Riparia Resources Mark Anderson index Medical diagnosis educational information lay person Dr. Mark Anderson's medical kit cruising sailors color fine art photos Mark Anderson purchase buy photography Mark Anderson technical information Mark Anderson photography
Photography Portfolios Mark Anderson art print

Comments re my Medical History

The history of medicine is fascinating and we often lose sight of how little we knew before the last 50 or 100 years. I've written a few short articles and I'm web-publishing a few more that I've collected. I hope these are of interest. Obviously they're not to be taken as current medical practice, though it's also interesting how little the basics have changed.

Sincerely, Mark R. Anderson, M.D.

A Short History of Scury

Mark R. Anderson, M.D. 2000

I think it's particularly amazing that the information on the cure of scurvy was available a long time before it was acted upon.

Hippocrates described Scurvy: bleeding gums, hemorrhaging and death, as early as the 5th c. BC. During the Crusades the disease became widespread. In 1250 it forced the retreat and capture of St. Louis with all his knights. It didn't become a major problem, however, until the age of exploration. Long sea voyages lacking in fresh food led to vitamin C deficiency.

There is a legend that during one of Christopher Columbus's voyages some Portuguese sailors had scurvy and wanted to be dropped off at one of the nearby islands and die there rather then dying on board and being fed to the fish. While the men were on the island they ate some of the island's fresh fruits and plants and to their amazement began to recover. When Columbus's ships passed by several months later, the pilot was surprised to see the men waving from land alive and healthy. The island was named Curacao, meaning Cure.

During Jacques Cartier's second voyage (1535-36), he used two indian interpreter-guides to pilot him up the St. Lawrence River to Stadacona (the site of modern Quebec). Wintering in Stadacona, 25 members of his crew died from scurvy before the indians taught them to drink a brew of white cedar which saved the rest.

As early as 1593, during a voyage to the South Pacific, Sir Richard Hawkins recommended the following treatment for scurvy: "That which I have seen most fruitfull for this sicknesse, is sower [sour] oranges and lemmons." In 1601 Captain James Lancaster unintentionally performed a controlled study of lemon juice as a preventive for scurvy. His fleet of four ships departed an April 21, 1601, and scurvy bagan to appear in three of the ships by August 1 (4 months after sailing). By the time of arrival, September 9, the three ships were so devastated by scurvy that the men of Lancaster's ship had to assist the rest of the fleet into the harbor. Lancaster's men remained in better health than the men on the other ships because he brought to sea bottles of lemon juice, which he gave to each one as long as it would last, three spoonfuls every morning. The Admiralty received Lancaster's report.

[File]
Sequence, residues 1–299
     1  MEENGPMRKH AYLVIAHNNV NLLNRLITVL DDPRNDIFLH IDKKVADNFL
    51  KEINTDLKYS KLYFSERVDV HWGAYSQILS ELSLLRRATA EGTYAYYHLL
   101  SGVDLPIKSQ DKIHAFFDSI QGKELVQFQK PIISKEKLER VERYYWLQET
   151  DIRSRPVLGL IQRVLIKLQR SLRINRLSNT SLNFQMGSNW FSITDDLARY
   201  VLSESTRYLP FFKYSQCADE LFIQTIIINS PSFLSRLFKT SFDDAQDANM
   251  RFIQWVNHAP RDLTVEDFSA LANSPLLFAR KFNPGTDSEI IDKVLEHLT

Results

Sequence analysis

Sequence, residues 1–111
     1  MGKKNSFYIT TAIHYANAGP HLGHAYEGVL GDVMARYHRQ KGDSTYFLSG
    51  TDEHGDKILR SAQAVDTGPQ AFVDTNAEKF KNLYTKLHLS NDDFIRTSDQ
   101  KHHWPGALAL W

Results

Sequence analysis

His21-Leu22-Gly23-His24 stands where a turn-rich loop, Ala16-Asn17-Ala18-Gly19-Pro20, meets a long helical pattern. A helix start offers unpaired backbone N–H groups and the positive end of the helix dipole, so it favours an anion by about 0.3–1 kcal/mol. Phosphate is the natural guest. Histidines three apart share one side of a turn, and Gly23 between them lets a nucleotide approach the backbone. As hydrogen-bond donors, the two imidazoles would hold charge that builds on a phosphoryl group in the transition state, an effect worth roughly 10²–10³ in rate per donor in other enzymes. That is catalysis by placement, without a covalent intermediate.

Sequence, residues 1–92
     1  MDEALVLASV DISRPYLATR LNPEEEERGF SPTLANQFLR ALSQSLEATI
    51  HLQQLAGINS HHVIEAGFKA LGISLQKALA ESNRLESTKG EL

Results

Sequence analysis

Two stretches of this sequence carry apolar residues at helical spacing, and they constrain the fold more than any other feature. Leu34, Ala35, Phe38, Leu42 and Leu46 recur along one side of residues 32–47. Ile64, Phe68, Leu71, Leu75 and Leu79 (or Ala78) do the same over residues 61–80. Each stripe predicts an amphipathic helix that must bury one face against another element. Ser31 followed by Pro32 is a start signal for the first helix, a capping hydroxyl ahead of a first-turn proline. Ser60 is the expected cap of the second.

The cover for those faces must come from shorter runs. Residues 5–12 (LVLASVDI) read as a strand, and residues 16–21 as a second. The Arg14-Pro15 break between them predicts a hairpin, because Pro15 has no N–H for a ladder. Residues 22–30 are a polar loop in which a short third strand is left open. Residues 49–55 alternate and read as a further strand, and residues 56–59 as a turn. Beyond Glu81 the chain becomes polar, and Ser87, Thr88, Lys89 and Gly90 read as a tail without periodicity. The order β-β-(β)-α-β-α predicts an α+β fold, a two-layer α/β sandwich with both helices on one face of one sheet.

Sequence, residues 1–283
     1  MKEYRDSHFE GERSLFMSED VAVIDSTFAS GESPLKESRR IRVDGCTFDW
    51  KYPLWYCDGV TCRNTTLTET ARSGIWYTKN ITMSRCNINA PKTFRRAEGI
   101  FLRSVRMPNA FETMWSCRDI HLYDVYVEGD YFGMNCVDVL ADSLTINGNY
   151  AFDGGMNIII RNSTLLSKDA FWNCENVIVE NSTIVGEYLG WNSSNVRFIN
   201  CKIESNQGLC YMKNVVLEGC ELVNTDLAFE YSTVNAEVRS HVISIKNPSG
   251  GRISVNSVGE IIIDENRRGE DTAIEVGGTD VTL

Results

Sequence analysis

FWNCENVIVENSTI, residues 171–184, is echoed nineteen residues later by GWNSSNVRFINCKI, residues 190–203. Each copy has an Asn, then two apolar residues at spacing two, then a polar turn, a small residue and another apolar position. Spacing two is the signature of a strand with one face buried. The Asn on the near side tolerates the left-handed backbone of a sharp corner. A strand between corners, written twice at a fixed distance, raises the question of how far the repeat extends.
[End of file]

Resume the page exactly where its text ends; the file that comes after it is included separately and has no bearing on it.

John Woodall, the 'father of naval hygiene', a "Master in Chirurgerie" published "The Surgeon's Mate" in 1636. He unequivocally wrote that scurvy could be prevented by the use of fresh vegetables and the use of lemons and oranges. "The juyce of lemmons is a precious medicine and well tried; being sound and good. Let it have the chief place for it will deserve it. The use whereof is: It is to be taken each morning two or three teaspoonfuls, and fast after it two hours., Some chirurgeons also give of the juyce daily to the men in health as preservative."

This was 111 years before Lind's famous experiment on the Salisbury in 1747 and 159 yrs. before lemon juice was made a requisit in the British Navy. "It is estimated that 5000 lives a year were needlessly lost from scurvy during this period: that is a total of nearly 800,000. In the 200 years from 1600 to 1800 nearly 1,000,000 men died of an easily preventable disease. There are in the whole of human history few more notable examples of official indifference and stupidity producing such disastrous consequence to human life." (Louis H. Roddis, A Short History of Nautical Medicine)

In 1740 George A. Anson set off on a circumnavigation with six ships and 1,955 men. By the end of his voyage 1,051 sailors had died, mostly of scurvy!

In 1747, James Lind, a Scottish physician performed the following experiment aboard the Salisbury: He took several groups of sailors dying of scurvy. He prescribed several diets, one of which consisted of: "two oranges and one lemon given every day". Within a week or so, these sailors had recovered so much that they were caring for the others, all of which died. The results were presented to the admiralty.

In the 1768-9, Cook circumnavigated the world in 3 years and only lost one man from disease, TB. His diet relied on malt and sauerkraut, but treated cases of scurvy with orange and lemon juice that the surgeon kept.

In 1795 the Admiralty finally mandated lemon juice for all sailors.

item2a1a
item2a1a1
Riparia Resources Mark Anderson index Medical diagnosis educational information lay person Dr. Mark Anderson's medical kit cruising sailors color fine art photos Mark Anderson purchase buy photography Mark Anderson technical information Mark Anderson photography